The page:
We use cookies to imporve your experience. By using our site, you consent to our cookie policy Learn more
arrow arrow_up breadcrumb-chevron-right breadcrumb-home dropdown-arrow-down loader GALogoWUNEP GALogo2018 GALogo2019 menu read-more-plus rrss-email rrss-facebook rrss-flickr rrss-instagram rrss-linkedin rrss-twitter rrss-vimeo rrss-youtube rrss_google_plus rrss_skype rrss_web pdf search share Completed In Process Ideas In Develpment Toogle Toogle Thumbnail View List View play close filter-collapse filter edit media_photo_library media_video_library graphics pictures videos collections next

Mercury in food and products

Even now, mercury is commonplace in daily life. Electrical and electronic devices, switches (including thermostats) and relays, measuring and control equipment, energy- efficient fluorescent light bulbs, batteries, mascara, skin- lightening creams and other cosmetics which contain mercury, dental fillings and a host of other consumables are used across the globe. Food products obtained from fish, terrestrial mammals and other products such as rice can contain mercury. It is still widely used in health care equipment, where much of it is used for measuring, and in blood pressure devices and thermometers, although their use is declining. There are safe and cost-effective replacements for mercury for many health care applications and for pharmaceuticals, and goals have been set to phase out some mercury-containing devices altogether. For instance, the UNEP Mercury Products Partnership, a mechanism for delivery of immediate actions, has set the goal of reducing demand for mercury-containing fever thermometers and blood pressure devices by at least 70 per cent by 2017.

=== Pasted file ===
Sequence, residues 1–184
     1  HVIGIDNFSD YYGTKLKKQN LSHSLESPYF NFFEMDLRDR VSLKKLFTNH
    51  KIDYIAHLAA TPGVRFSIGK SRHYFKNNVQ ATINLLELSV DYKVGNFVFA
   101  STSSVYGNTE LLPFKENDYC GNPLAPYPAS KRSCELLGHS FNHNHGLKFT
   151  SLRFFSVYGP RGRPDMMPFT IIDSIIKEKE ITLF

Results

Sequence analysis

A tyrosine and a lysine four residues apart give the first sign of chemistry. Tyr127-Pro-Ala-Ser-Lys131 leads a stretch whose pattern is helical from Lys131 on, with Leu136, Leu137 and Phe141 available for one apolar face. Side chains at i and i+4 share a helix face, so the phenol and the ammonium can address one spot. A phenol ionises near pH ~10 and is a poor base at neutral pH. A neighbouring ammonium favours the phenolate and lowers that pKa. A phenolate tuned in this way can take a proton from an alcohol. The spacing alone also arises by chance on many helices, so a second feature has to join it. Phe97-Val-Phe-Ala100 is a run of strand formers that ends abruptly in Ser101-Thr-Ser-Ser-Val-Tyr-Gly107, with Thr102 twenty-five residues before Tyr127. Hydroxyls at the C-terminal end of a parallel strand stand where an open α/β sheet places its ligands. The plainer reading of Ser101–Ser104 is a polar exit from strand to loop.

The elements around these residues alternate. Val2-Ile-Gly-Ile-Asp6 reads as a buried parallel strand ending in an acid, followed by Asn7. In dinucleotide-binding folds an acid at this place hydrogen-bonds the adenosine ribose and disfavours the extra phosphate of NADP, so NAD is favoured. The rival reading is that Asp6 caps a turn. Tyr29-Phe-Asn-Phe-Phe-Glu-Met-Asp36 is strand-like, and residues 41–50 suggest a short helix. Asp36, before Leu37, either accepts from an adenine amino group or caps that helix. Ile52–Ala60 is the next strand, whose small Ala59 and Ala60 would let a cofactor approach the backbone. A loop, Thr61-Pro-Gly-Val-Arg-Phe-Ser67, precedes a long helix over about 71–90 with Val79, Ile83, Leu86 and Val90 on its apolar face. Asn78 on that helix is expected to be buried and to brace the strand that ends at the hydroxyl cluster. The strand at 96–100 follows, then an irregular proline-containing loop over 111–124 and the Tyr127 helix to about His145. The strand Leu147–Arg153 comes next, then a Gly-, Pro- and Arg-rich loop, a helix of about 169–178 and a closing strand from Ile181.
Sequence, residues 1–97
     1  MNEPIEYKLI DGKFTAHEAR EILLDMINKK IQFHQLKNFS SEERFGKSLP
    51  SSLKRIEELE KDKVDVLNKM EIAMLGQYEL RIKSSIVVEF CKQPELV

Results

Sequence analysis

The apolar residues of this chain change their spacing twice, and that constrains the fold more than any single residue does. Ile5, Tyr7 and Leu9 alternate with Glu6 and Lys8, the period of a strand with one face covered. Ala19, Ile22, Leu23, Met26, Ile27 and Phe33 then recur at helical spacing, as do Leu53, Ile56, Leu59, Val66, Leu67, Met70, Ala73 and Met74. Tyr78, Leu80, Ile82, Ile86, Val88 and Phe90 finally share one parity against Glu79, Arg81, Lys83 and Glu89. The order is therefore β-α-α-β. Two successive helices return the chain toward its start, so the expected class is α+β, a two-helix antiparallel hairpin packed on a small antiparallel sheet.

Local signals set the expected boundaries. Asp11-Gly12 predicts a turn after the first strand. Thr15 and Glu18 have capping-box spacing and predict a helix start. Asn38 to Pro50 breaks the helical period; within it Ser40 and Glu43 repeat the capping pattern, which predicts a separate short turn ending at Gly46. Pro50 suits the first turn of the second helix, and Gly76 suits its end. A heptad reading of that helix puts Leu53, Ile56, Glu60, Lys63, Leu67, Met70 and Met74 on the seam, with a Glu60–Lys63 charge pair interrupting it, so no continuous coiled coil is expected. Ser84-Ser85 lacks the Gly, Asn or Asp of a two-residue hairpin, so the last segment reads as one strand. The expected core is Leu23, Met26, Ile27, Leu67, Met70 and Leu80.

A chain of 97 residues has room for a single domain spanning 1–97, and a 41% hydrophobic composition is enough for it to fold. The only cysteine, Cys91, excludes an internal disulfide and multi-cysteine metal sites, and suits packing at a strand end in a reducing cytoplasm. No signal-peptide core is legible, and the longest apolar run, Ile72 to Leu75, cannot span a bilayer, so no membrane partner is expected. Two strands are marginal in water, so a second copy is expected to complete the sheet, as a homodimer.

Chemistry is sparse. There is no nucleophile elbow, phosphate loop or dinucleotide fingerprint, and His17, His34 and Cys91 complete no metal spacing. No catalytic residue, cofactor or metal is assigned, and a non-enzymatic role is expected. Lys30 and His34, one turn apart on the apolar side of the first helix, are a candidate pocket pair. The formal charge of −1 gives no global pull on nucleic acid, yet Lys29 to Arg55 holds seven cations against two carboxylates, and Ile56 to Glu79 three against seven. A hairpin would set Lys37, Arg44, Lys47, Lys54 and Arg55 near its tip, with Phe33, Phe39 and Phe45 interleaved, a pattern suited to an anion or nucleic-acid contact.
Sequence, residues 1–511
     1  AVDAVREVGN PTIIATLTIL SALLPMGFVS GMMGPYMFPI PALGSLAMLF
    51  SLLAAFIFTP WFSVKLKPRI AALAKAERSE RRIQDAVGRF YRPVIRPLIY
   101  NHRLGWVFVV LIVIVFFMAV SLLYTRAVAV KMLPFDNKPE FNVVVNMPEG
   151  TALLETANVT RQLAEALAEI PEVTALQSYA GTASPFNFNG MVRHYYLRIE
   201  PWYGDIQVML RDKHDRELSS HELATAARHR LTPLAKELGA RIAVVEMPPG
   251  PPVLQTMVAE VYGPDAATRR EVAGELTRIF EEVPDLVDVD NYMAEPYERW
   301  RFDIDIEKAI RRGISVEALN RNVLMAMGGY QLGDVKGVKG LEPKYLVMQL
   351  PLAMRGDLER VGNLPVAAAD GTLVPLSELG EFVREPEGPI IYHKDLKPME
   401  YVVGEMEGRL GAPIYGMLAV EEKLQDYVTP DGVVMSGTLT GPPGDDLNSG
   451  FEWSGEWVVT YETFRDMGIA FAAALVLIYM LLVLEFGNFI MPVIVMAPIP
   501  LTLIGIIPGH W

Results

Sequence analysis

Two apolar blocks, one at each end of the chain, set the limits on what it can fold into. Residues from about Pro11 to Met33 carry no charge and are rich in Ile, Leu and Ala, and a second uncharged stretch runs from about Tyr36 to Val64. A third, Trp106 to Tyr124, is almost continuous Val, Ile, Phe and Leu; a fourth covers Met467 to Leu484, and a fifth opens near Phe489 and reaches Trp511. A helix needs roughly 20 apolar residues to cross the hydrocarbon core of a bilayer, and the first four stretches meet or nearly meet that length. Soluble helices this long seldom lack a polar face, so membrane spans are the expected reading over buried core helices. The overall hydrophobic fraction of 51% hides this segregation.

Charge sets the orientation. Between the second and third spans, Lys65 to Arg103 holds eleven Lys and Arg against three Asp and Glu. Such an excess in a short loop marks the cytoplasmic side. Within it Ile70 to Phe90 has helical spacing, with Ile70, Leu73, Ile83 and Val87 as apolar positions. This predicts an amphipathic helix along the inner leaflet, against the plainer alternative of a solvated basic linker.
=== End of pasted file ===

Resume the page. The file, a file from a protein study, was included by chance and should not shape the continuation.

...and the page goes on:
Year: 2013

From collection: Mercury - Time to act

Cartographer: GRID-Arendal

Tags: global UNEP

Graphics included in same album

View all media

Publications it appears in

View all publications